Bidding platforms provide copious options for hiring freelance developers who create Android apps for your business. Their main working principle is that of a reverse auction: the lesser rate you have, the more chances of temporary employment you’ve got. It’s tremendously good for entrepreneurs: they have many possibilities and can spare themselves a pretty penny. Freelancer, Upwork, 99Designs — at least some of these names seem familiar, right?
The main downside of bidding platforms is the absence of any qualification triage. Anyone can register there — and green juniors use this opportunity to gain experience before starting bigger projects. If you’re OK with juniors, it’s your star venue. If not — brace yourself for the lengthy search for proven Android app development professionals.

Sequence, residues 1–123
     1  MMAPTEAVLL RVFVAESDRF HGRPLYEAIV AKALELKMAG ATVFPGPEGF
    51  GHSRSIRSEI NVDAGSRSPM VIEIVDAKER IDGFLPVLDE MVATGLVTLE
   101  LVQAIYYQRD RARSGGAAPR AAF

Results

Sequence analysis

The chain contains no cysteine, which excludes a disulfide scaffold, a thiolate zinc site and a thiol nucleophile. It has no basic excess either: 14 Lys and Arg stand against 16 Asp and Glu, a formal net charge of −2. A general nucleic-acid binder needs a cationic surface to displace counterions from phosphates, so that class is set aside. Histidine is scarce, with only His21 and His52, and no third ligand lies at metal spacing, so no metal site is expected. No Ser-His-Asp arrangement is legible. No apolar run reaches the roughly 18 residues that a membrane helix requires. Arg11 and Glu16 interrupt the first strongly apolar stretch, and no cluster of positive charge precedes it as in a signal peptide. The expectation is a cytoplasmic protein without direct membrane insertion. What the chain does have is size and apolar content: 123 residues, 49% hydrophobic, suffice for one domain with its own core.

Vetting platforms are one more useful variant for startup owners who are ripened for developers who build Android apps. What’s their main distinction from the bidding ones? Whereas for the latter, the registration is unstrained by any tests (you come, you register, and you start earning money), the former demand passing a few preliminary testing procedures.
One more distinction between vetting and bidding platforms is their approach to hiring.
Bidding platforms don’t have too many staff members responsible for all the stages of client-developer cooperation. The said cooperation is autonomous. Bidding platforms don’t care about their registered users and don’t handle conflicts except directly connected with the platform functionality.